HIV infection can result in neurodevelopmental impairment in children. We do not yet understand the extent to which effective antiretroviral therapy (ART) prevents these delays, but Global WACh researcher Dr. Sarah Benki-Nugent’s recent study, conducted in collaboration with researchers at the University of Nairobi, has provided insight to help answer this question. Their study focused on HIV-infected infants in Nairobi Kenya who received ART from the time of infancy and compared their developmental milestone attainment to HIV-unexposed infants.
Most HIV-infected infants in their study were extremely ill at the time of HIV diagnosis and many were first identified in the hospital. Unfortunately, late diagnosis continues to be common in Africa and UNAIDS has recently estimated that only about half of HIV-infected children are receiving treatment.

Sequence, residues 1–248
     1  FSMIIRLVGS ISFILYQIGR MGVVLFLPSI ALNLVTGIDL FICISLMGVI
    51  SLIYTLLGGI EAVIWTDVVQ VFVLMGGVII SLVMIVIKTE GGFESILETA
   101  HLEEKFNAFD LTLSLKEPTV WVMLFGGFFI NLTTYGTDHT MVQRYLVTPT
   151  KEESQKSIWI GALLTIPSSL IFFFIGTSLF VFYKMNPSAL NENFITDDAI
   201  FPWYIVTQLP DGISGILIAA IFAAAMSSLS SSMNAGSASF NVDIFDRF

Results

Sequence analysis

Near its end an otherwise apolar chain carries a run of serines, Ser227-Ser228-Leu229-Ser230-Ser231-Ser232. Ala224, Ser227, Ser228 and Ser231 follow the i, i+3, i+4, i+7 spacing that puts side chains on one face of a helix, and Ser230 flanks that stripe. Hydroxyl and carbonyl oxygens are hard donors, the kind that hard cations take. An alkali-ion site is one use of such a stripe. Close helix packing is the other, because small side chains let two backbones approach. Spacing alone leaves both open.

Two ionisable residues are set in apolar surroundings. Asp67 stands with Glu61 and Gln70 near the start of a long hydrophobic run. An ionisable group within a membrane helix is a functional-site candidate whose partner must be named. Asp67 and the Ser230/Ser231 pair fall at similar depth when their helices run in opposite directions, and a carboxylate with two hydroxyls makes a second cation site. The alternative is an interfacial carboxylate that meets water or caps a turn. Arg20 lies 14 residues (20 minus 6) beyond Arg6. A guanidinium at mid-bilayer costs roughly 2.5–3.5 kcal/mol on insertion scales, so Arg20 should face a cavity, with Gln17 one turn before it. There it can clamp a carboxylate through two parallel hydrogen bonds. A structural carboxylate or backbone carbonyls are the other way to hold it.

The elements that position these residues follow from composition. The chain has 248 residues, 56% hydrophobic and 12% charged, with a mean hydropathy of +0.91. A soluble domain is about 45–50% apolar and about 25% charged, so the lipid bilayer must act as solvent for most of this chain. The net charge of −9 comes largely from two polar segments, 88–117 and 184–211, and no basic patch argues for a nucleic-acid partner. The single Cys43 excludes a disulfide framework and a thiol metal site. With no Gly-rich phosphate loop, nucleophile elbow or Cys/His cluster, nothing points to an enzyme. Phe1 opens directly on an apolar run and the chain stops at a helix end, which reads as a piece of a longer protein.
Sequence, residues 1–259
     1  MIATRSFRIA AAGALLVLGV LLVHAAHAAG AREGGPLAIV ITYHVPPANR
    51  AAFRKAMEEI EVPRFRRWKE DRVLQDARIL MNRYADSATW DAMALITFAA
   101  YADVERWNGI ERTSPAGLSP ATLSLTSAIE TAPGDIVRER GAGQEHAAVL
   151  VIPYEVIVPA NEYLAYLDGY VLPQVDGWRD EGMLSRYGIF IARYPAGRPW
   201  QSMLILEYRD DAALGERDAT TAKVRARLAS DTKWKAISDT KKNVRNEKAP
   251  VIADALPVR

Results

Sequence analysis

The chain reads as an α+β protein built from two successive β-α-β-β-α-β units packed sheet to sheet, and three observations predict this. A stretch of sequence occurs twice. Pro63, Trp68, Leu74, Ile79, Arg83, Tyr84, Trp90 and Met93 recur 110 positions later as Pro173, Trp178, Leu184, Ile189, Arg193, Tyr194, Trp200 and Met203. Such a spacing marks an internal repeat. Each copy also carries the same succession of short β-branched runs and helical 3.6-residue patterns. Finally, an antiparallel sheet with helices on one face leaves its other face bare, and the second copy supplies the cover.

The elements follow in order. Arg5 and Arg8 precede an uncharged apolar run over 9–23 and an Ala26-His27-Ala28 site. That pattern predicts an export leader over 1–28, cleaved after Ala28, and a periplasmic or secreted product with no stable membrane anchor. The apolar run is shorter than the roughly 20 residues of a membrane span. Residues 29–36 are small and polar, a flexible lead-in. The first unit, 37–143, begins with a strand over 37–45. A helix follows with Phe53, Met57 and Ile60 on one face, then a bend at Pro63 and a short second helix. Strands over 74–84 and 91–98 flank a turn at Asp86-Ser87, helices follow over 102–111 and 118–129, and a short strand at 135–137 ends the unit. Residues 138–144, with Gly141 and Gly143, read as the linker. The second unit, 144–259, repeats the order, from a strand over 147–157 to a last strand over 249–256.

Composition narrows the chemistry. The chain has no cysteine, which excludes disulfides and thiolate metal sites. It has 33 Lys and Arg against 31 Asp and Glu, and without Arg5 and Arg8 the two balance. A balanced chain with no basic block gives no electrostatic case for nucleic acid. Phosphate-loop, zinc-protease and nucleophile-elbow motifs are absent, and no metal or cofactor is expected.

The study found that overall, HIV-infected infants had later age at attainment of milestones compared to unexposed infants. However, infants who had better responses to treatment had better developmental outcomes. Benki-Nugent and Kenyan research collaborator Dalton Wamalwa say, “We still don’t’ know how children will do in the long-term; however, this data suggests that effective response to ART provided some benefit, even in a group of infants who were very sick when first diagnosed.”
The study suggests that early HIV diagnosis and successful treatment are likely key factors in retaining cognitive and motor neurodevelopment in HIV-infected children. It is also likely critical, Dr. Benki-Nugent says, to provide additional strategies, such as parenting support for early childhood development alongside HIV treatment to help children reach their full potential.
Click here to read more about the researcher’s work recently featured in Infectious Disease Advisor.